Structuring Clear Sentences
As a writer, one of your key goals should be to create writing that clearly leads readers through your ideas. You should want your writing to be clear and coherent, and you should want it to flow well. Although these goals are not always easy to achieve (especially as the complexity of your ideas increases!), there are some basic strategies you can use to make sure that your readers don't lose the connections between your sharp ideas.
Both between and within paragraphs, transitional phrases help you identify the specific relationship between ideas. If you want make a big claim ("Social media promote shallow friendships") and want to follow up with an example to support your point, you can transition the reader from the big picture to the specific evidence by using a transition to indicate that connection:
Social media promotes shallow friendships. For example, a study conducted by sociologists John Hammer and Karen Jones showed that....
There are several types of relationships that can be indicated through transitional phrases. You can find a more complete list in the section of the handbook titled Closed-Form Features.
As you write sentences, one way to improve the "flow" of your writing is by using the idea/concept you've presented at the end of one sentence to begin the next sentence.
Many forms of social media have come into existence over the past decade. In that time, a major shift in interpersonal relationships has begun. While interpersonal relationships prior to the "facebook era" were defined by both extensive and fleeting face-to-face and phone interactions, new, social-media-based friendships primarily involve very brief, non-physical encounters. Such "distributed" encounters, according to some psychologists, typically create looser, less emotional bonds between participants.
In this example, each underlined section illustrates a back-to-front move. In some cases, exact words are repeated, while in others, only the concept is being picked up at the beginning of the next sentence.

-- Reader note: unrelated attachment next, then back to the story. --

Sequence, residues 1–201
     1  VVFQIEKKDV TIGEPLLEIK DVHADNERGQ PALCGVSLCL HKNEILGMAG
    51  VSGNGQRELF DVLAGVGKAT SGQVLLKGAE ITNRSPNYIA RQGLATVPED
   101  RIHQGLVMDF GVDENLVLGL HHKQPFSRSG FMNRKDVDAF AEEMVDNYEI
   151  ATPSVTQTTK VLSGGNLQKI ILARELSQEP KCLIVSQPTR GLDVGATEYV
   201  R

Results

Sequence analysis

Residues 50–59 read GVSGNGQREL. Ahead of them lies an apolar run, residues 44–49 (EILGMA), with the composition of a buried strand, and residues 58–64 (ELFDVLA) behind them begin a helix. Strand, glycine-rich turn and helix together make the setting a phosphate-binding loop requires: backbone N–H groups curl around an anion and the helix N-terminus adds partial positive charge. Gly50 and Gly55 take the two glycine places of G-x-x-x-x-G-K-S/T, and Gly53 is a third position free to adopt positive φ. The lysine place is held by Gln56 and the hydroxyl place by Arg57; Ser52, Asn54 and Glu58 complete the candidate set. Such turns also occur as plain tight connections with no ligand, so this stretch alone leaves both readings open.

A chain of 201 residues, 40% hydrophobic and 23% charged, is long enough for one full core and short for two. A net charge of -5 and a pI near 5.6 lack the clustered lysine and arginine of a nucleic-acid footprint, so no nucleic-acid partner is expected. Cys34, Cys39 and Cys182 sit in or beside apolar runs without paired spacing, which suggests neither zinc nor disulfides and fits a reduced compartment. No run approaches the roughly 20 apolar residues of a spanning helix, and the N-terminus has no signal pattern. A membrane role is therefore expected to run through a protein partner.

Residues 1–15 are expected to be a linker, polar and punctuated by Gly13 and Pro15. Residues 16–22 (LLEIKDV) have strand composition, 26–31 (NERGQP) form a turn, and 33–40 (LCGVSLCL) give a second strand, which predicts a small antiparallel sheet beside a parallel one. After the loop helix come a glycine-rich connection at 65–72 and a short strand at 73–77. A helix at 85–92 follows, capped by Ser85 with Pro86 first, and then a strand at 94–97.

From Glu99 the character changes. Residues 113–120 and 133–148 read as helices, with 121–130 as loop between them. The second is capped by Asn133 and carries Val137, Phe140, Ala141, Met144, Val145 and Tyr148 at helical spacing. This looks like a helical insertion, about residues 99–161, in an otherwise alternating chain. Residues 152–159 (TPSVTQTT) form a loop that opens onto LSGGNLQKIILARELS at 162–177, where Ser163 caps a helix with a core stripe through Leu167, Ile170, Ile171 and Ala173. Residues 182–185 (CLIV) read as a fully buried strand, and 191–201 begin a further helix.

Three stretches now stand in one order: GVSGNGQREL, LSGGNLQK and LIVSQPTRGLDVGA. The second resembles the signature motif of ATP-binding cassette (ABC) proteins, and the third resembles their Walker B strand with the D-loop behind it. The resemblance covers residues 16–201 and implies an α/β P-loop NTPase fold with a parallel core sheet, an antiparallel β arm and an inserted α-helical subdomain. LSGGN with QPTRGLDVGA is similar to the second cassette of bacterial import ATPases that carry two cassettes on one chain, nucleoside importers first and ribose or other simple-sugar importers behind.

Appropriate Sentence Length
There is no "magic" sentence length--the appropriate length will depend on the complexity of what you want to say as well as how much emphasis you need to place on a specific idea. In general, more complicated ideas require longer sentences (in order to fully explain connections of ideas), and more important ideas require shorter sentences (in order to fully emphasize key information). Generally, you should strive to find a balance that allows you to develop the logic of your ideas while also maintaining reader interest. If you sense that your balance may be off, here are some tips for reshaping sentences:
Read your writing aloud.
More than any other technique, this simple strategy will help you recognize sentences that are too long (because you'll run out of breath before you reach the end of the sentence) or too short (because you notice that your speaking sounds "choppy").
Shorten your sentences.
If your sentences are too long, look for places where you can break the sentence into two. Then, use transitions or the back-to-front method to make sure that your new sentences still flow well. Also, if your sentences are too long, look for places where you can "cut the fat"--that is, get rid of longer-than-neccessary wording. Even very strong writers find that they can cut their sentences by 15-20% just by shortening phrases and by converting nouns into verbs.
If your sentences feel choppy, look for ways to combine ideas. (If you have too many short sentences, you're probably creating too many subjects in your paragraphs, which in turn makes it hard for readers to stay focused on your main topic.) Generally you can turn some sentences into dependent clauses or into phrases within other sentences.